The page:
by  Patricia Law Hatcher  

    William Berry (1753–1839) and His Children and Grandchildren in Massachusetts and New York
    by Harold Henderson (concluded from 165:378)

    Nathan Holden of New York City and Staten Island
    by David Kendall Martin

    Also in this issue . . .
    Editorial and Index of Persons

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    NEHGS Database News
    by Sam Sturgis, Digital Collections Administrator, and Christopher Carter, Digital Collections Coordinator

    Connecticut Vital Records Update

    Newly added to Connecticut Vital Records to 1870 (The Barbour Collection): Ashford (1710–1851), New Milford (1712–1860), Newtown (1711–1852), and Pomfret (1705–1850).

    Compiled from an original Lucius Barnes Barbour typescript in the NEHGS special collections, this database currently contains records for the towns of Ashford, Branford, Canterbury, Colchester, Danbury, Derby, Durham, Fairfield, Farmington, Glastonbury, Greenwich, Groton, Guilford, Haddam, Hartford, Hebron, Killingly, Killingworth, Lebanon, Lyme, Middletown, Milford, New London, New Milford, Newtown, Norwalk, Norwich, Plainfield, Pomfret, Preston, Ridgefield, Saybrook, Simsbury, Stamford, Stonington, Stratford, Suffield, Wallingford, Waterbury, Wethersfield, Windham, Windsor, Woodbury, and Woodstock.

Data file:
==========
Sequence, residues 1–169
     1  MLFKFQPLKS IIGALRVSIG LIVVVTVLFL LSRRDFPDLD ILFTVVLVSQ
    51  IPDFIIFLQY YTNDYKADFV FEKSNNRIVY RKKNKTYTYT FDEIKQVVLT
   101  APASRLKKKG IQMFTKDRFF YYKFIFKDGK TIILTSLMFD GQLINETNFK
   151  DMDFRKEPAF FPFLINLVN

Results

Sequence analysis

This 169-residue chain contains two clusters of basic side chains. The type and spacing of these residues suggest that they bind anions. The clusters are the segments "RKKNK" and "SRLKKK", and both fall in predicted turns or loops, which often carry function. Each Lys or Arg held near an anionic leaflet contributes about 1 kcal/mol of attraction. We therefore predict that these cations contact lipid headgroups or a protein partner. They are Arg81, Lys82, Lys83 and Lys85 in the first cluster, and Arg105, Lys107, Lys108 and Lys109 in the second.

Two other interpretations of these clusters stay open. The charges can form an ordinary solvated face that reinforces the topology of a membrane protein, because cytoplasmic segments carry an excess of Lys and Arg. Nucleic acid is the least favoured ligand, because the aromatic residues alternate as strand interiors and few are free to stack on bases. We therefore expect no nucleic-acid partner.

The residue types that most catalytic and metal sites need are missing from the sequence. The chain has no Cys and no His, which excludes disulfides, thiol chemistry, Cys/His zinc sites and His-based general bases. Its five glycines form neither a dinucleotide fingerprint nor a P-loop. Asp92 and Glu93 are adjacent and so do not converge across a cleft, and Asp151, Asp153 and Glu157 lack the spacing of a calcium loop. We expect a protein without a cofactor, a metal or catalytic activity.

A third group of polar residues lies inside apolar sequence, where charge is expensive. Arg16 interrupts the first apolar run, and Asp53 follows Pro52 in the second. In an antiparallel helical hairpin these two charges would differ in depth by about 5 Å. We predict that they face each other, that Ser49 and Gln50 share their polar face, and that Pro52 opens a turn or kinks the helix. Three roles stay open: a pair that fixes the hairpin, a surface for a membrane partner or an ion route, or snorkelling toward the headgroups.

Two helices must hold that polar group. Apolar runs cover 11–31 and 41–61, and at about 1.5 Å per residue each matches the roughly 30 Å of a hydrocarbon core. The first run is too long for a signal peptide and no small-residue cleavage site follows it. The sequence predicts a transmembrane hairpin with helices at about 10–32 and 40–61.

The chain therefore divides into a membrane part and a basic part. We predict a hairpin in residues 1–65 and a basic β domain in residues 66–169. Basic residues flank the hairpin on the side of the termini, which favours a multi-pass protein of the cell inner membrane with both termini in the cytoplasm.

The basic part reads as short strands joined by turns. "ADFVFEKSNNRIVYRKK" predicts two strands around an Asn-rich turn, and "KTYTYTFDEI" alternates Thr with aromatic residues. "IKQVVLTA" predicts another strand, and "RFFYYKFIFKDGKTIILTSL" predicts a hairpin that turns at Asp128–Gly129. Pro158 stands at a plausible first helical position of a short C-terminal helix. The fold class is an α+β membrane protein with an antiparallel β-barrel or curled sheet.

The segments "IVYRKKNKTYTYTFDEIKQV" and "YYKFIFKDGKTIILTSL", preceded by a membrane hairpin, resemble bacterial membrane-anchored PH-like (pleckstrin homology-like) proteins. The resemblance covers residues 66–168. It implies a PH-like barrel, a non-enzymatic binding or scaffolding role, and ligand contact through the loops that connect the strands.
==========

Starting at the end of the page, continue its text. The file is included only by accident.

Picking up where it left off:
The complete Barbour Collection contains records of marriages, births, and deaths in 137 Connecticut towns from the 1640s to about 1850 (some towns include records up to 1870). These records were collected, transcribed, and abstracted by Lucius Barnes Barbour (Connecticut Examiner of Public Records, 1911–1934) and his team of researchers between 1918 and 1928. Mr. Barbour was an NEHGS member from 1907 until his death in 1934. This set of typescripts was donated to NEHGS by Mr. Barbour's wife and children in 1938. Remaining towns will be added to the database over the next year.

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    Irish Genealogy Study Group

    The Irish Genealogy Study Group will meet on Saturday, November 24, 2012, between 9:30 and noon in the Education Center (second floor) at NEHGS. This is an informal group gathered to talk about research problems and share solutions. Everyone is welcome to come and join in. Contact Mary Ellen Grogan for more information.

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    A Note from the Editor: Thanksgiving, Past, Present, and Future
    by Lynn Betlock, Editor

    Thanksgiving, our secular feast day, inspires us to share our bounty and reflect on our blessings. Thanksgiving is also about celebrating family and the past. These characteristics dovetail very nicely with genealogical pursuits, and because the holiday frequently brings extended family together, Thanksgiving can offer great opportunities for asking questions, relating family lore, and reminiscing.

    One of my NEHGS colleagues is bringing family scrapbooks from the 1930s, 1940s, and 1950s to his family’s Thanksgiving so members of the older generation can identify people in old photographs, answer questions, and add more detail to what he knows. His family is fortunate to have home movies from the 1920s, and they are planning on watching a selection.